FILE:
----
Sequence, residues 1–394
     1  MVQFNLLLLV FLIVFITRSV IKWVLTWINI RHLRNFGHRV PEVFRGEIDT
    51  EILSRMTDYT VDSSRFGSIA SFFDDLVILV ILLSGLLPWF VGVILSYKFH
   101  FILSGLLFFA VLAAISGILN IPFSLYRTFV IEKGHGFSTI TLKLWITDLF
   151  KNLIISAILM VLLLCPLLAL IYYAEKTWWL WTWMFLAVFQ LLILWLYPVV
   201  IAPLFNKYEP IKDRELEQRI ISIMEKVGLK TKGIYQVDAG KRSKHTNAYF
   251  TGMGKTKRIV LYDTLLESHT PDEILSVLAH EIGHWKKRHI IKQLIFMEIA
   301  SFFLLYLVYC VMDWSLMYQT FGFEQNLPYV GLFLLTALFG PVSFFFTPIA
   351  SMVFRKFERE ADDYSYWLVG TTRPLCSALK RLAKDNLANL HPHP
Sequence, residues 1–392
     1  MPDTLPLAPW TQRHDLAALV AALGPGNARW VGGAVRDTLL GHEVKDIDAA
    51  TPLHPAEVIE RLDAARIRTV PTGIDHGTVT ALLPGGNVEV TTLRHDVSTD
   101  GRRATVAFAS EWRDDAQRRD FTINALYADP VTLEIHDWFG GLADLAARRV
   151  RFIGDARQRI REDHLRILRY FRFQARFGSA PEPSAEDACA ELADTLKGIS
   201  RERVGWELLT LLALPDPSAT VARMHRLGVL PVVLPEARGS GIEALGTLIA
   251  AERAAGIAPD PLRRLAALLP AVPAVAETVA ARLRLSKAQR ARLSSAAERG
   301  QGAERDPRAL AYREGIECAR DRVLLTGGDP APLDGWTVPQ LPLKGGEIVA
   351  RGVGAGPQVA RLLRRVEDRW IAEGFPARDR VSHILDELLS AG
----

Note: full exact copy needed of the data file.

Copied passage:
Sequence, residues 1–394
     1  MVQFNLLLLV FLIVFITRSV IKWVLTWINI RHLRNFGHRV PEVFRGEIDT
    51  EILSRMTDYT VDSSRFGSIA SFFDDLVILV ILLSGLLPWF VGVILSYKFH
   101  FILSGLLFFA VLAAISGILN IPFSLYRTFV IEKGHGFSTI TLKLWITDLF
   151  KNLIISAILM VLLLCPLLAL IYYAEKTWWL WTWMFLAVFQ LLILWLYPVV
   201  IAPLFNKYEP IKDRELEQRI ISIMEKVGLK TKGIYQVDAG KRSKHTNAYF
   251  TGMGKTKRIV LYDTLLESHT PDEILSVLAH EIGHWKKRHI IKQLIFMEIA
   301  SFFLLYLVYC VMDWSLMYQT FGFEQNLPYV GLFLLTALFG PVSFFFTPIA
   351  SMVFRKFERE ADDYSYWLVG TTRPLCSALK RLAKDNLANL HPHP
Sequence, residues 1–392
     1  MPDTLPLAPW TQRHDLAALV AALGPGNARW VGGAVRDTLL GHEVKDIDAA
    51  TPLHPAEVIE RLDAARIRTV PTGIDHGTVT ALLPGGNVEV TTLRHDVSTD
   101  GRRATVAFAS EWRDDAQRRD FTINALYADP VTLEIHDWFG GLADLAARRV
   151  RFIGDARQRI REDHLRILRY FRFQARFGSA PEPSAEDACA ELADTLKGIS
   201  RERVGWELLT LLALPDPSAT VARMHRLGVL PVVLPEARGS GIEALGTLIA
   251  AERAAGIAPD PLRRLAALLP AVPAVAETVA ARLRLSKAQR ARLSSAAERG
   301  QGAERDPRAL AYREGIECAR DRVLLTGGDP APLDGWTVPQ LPLKGGEIVA
   351  RGVGAGPQVA RLLRRVEDRW IAEGFPARDR VSHILDELLS AG